I’m probably one of the “pedants” Stephen Fry so articulately criticizes.
I’ll admit, my favorite error in high school and college, and one I still commit frequently, is the “split infinitive.” And part of me agrees that language ought to be played with and enjoyed. Or to playfully be enjoyed.
See what I did there?
But I also think there’s sort of a deconstructionist, nothing-really-has-meaning, there-are-no-rules flavor underlying his comments that is both seductive and untrue.
Yes, language does change according to convention. And perhaps there is no such thing as “correctness” as the grammar nazis conceive of it.
But what’s truly amazing is that all languages DO have a certain order, a certain logic and sense to them. You know, kind of like buildings do. Yes, we made them up, so we imposed order on blocks and stones and “worse than senseless things” — but the reason the Pyramids of Giza and Hadrian’s Wall are still standing is because these structures we made up also adhere to the mysterious logic of physics. I would argue the reason language holds up is very similar – because it adheres to a certain logic of the world, of reality.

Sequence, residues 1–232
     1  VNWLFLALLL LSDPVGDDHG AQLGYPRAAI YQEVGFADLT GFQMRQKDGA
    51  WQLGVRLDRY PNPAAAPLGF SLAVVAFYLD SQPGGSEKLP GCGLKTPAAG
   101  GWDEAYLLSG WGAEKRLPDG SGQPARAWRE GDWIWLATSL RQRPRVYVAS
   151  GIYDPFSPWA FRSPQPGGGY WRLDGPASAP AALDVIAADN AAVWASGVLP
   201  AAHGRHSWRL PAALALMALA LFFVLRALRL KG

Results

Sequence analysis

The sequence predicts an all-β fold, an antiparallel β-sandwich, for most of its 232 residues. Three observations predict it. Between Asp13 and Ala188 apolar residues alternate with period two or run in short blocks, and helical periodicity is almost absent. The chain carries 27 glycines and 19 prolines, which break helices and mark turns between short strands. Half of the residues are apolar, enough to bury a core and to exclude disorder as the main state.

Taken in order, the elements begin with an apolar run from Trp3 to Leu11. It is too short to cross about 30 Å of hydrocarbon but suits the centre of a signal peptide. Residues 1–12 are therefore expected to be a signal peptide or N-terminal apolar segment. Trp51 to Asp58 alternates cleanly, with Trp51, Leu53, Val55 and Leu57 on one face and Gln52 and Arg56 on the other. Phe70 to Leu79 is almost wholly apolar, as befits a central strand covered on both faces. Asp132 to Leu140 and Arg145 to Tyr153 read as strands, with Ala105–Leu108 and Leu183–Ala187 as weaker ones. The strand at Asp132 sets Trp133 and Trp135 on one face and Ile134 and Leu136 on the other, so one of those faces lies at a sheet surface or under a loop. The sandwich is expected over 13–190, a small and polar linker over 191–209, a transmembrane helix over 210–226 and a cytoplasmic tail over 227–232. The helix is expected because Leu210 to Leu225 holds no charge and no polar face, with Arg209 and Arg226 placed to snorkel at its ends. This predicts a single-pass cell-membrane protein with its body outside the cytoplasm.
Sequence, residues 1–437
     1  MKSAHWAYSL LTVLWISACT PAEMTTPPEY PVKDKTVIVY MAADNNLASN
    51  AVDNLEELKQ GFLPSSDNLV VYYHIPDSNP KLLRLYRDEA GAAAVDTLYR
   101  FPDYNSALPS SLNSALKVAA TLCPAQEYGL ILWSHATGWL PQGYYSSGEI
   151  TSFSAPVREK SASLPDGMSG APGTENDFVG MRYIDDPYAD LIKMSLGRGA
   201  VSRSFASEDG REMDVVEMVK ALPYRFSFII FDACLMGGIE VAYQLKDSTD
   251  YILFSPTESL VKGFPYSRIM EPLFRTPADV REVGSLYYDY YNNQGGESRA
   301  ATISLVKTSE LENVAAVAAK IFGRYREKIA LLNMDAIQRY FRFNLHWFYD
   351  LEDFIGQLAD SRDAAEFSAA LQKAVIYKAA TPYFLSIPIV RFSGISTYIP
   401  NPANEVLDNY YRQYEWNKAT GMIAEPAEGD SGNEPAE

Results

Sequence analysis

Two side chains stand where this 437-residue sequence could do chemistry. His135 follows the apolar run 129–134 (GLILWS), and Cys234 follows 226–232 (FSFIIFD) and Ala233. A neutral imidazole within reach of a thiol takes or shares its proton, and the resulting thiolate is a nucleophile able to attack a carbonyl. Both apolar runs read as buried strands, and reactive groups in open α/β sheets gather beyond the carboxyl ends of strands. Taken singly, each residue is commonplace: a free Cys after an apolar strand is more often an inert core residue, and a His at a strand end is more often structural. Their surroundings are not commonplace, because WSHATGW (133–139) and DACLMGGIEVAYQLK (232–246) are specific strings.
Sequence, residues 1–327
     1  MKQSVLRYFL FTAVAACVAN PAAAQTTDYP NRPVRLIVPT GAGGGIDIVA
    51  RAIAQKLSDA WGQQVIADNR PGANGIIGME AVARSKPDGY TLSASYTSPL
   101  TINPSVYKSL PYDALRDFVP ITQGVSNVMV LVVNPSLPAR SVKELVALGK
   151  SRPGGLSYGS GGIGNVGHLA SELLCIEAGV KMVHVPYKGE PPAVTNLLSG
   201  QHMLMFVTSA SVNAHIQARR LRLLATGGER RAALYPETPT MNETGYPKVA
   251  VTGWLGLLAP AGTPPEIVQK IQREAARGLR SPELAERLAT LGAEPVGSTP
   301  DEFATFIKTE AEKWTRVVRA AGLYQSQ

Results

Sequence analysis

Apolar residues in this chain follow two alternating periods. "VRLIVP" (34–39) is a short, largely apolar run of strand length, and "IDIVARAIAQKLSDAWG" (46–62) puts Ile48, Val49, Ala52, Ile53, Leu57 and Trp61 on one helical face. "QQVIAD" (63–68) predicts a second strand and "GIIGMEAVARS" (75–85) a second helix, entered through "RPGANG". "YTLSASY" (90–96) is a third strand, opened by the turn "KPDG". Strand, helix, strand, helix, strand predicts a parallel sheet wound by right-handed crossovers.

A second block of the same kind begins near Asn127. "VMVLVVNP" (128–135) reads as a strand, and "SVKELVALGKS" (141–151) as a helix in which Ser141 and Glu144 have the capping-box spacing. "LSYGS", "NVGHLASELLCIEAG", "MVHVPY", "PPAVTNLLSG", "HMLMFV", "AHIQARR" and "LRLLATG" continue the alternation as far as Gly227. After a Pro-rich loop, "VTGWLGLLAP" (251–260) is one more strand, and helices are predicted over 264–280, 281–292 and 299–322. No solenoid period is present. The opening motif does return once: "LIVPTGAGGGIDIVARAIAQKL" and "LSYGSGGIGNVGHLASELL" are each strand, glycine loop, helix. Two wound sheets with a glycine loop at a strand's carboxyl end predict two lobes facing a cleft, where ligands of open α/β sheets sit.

And it’s the mark of a humble and educated person to try to learn and adhere to that logic. If you break the rules for the sake of creativity and newness, fine – but you should be aware that you are breaking them – as Picasso was aware, and Shakespeare, other great artists.
Otherwise, you’re just a little kid throwing paint or words at a wall, hoping it sticks.
Some people call that art, but I certainly don’t.